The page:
72nd ABW ADR Office earns top Air Force award


The 72nd Air Base Wing Alternative Dispute Resolution Office was recently recognized as the top program of its kind in the Air Force.

The office was honored with the General Counsel’s Conflict Management/ADR Award last month at the worldwide ADR Program Management Training Conference in San Antonio. “As a pioneer in taking a proactive approach to workplace dispute resolution,” conference officials said, “this team administered education programs that armed more than 2,700 personnel with the ADR awareness tools and interest-based negotiation skills instrumental to successfully prevent and resolve conflict at the lowest appropriate level. Their efforts resulted in the resolution of 60 complaints (in FY 2016) with a cost avoidance saving in excess of $1.5 million.”

The 72nd ABW office is the only standalone ADR program in the Air Force. Most programs are embedded within Equal Opportunity offices and staff, with ADR mediation as part of other duties. Tinker’s full-time ADR office is staffed with three people in Bldg. 3001: ADR Specialists Debbie Patterson and Kelli Anderson and ADR Administrator Katie Nowell. Terry Hirons, the base Equal Opportunity director with offices in Bldg. 201, is also the ADR program manager.

Under the slogan “the informal option to resolve your workplace dispute,” ADR programs use neutral, trained volunteer mediators to solve workplace conflicts such as tardiness disputes, employees not getting along, disputed promotions, discrimination, nonsexual harassment and contested firings. Employees and management voluntarily choose the mediation. The aim is to solve disputes in a few weeks, rather than through lengthy formal complaints or legal proceedings.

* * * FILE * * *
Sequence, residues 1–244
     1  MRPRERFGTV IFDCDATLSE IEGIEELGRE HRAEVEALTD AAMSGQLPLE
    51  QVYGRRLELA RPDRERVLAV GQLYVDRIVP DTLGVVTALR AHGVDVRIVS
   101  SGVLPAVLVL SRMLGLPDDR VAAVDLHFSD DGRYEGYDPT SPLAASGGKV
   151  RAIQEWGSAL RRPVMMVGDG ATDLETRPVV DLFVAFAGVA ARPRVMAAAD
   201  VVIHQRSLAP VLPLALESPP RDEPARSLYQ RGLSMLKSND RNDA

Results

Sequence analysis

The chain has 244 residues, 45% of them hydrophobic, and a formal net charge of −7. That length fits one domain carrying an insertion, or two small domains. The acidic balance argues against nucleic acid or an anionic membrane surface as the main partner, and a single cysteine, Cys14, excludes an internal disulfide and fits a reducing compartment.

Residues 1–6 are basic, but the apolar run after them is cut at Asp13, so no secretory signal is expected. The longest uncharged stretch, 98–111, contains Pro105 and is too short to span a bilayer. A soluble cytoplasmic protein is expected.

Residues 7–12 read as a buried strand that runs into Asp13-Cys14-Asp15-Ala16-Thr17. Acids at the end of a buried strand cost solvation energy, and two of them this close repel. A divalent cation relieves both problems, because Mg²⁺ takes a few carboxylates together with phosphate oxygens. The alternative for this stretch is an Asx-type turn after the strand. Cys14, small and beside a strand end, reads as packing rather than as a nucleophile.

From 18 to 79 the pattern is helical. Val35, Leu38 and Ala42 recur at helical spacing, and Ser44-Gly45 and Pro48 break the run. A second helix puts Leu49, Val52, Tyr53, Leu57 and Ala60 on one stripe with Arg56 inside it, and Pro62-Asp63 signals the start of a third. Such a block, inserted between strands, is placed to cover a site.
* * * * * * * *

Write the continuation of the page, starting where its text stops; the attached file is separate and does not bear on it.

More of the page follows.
The office handled 144 requests for help in fiscal year 2016. Eighty-seven of them went to mediation and 60, or 69 percent, were resolved by agreement of the parties.

Each member of the 72nd ABW ADR Office, including Hirons, was asked to lead training presentations with other experts at the three-day conference. Hirons said the interaction with other Air Force program managers was a two-way learning process.

“The whole focus of that was to help move the ADR program forward throughout the Air Force and it has generated some ideas,” Hirons said. “We’ve been asked for our products by several program managers throughout the Air Force since the conference took place.”

The office conducts conflict resolution training with new hires, Tinker offices, military units and Air Force officials in the region. The proactive goal is to avoid the need for outside mediation or formal complaints to solve problems, Hirons said.

“We have a big push to put conflict resolution tools in folks’ hands from the get-go,” he said. “These guys do great training. We’re giving them some great information so that in the future they’ve got a skill set, hopefully, that will prevent issues from rising to this level in the first place.”